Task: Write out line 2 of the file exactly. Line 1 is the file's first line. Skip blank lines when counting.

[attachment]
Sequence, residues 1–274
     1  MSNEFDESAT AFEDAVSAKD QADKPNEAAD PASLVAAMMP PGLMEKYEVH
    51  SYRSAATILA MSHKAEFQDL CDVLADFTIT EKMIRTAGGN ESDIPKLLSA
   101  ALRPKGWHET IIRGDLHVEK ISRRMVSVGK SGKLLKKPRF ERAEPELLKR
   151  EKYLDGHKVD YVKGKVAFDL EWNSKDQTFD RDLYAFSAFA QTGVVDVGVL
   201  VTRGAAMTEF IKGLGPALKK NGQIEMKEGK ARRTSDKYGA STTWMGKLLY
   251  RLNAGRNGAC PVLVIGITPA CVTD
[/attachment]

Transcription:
     1  MSNEFDESAT AFEDAVSAKD QADKPNEAAD PASLVAAMMP PGLMEKYEVH